Forbes honours Malaysians in philanthropy list


SINGAPORE: Malaysians Brahmal Vasudevan (pic) and Shanthi Kandiah joined the ranks of Forbes Asia’s 2022 Heroes of Philanthropy list along with 14 luminaries, which included India’s richest person, Gautam Adani, along with Hong Kong-based private equity billionaire Jean Salata.

Forbes Asia said the 16th edition of its annual Heroes of Philanthropy list highlights leading altruists in the Asia-Pacific region who demonstrated strong personal commitment to philanthropic causes such as education and the environment, among others.

“The unranked list highlights philanthropists who are donating from their own fortunes and giving personal time and attention to their select causes,” it said.

Vasudevan, 54, founder and chief executive of Kuala Lumpur-based private equity firm Creador, and his lawyer wife, Shanthi, 53, support local communities in Malaysia and India through the Creador Foundation, a non-profit organisation they co-founded in 2018.

In May this year, they pledged to donate RM50mil to help build a teaching hospital at the Universiti Tunku Abdul Rahman (UTAR) Kampar campus in Perak.

The couple stepped in to help bridge a funding gap after learning that UTAR had only raised half the amount needed to build the non-profit facility, which, once completed in 2023, will also provide affordable healthcare.

“We are delighted that this has spurred others to join this cause, and it appears the project is now fully funded,” said Vasudevan.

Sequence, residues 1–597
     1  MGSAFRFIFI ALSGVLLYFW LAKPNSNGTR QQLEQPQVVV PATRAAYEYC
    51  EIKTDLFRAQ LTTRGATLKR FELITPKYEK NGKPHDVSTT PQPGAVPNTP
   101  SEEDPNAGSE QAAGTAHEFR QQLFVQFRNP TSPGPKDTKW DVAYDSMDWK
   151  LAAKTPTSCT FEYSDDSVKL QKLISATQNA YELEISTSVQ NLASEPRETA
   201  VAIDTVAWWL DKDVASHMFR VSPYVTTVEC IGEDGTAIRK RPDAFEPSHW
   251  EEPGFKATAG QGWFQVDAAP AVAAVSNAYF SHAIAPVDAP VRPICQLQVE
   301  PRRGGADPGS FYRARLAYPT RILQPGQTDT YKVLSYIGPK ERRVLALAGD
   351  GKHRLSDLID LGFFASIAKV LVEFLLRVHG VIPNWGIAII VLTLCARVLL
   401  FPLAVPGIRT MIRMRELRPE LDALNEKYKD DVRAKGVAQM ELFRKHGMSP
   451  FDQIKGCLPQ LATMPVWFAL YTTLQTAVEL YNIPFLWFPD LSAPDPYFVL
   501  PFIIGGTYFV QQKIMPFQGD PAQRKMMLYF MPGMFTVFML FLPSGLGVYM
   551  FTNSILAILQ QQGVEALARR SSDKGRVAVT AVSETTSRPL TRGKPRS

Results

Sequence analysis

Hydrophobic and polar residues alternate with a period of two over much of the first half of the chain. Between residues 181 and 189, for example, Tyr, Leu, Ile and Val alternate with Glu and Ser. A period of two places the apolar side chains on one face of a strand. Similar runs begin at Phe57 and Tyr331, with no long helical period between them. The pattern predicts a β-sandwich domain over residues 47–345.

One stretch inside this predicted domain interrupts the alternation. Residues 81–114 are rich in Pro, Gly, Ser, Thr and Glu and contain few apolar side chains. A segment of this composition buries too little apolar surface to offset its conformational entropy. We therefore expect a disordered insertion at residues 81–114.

Also in May, the couple donated £25mil to Imperial College London, one of the largest gifts in its history, to create the eponymous Brahmal Vasudevan Institute for Sustainable Aviation, which will pioneer technologies to help the aviation industry transition to zero pollution.

“We felt that the creation of this institute could hopefully make a meaningful impact on studying ways of reducing, if not achieving, zero pollution one day,” said Vasudevan, who earned a bachelor’s degree in aeronautical engineering from the college in 1990.

According to Forbes Asia, the list does not include corporate philanthropy, except for privately held companies where the individual is a majority owner.

The list is kept to a select group of 15, with nine new entrants on this year’s list.

Previous honorees are considered if they have made recent significant contributions that justify a relisting, it said.

The full list can be found at www.forbes.com/altruists and in the December issue of Forbes Asia. — Bernama

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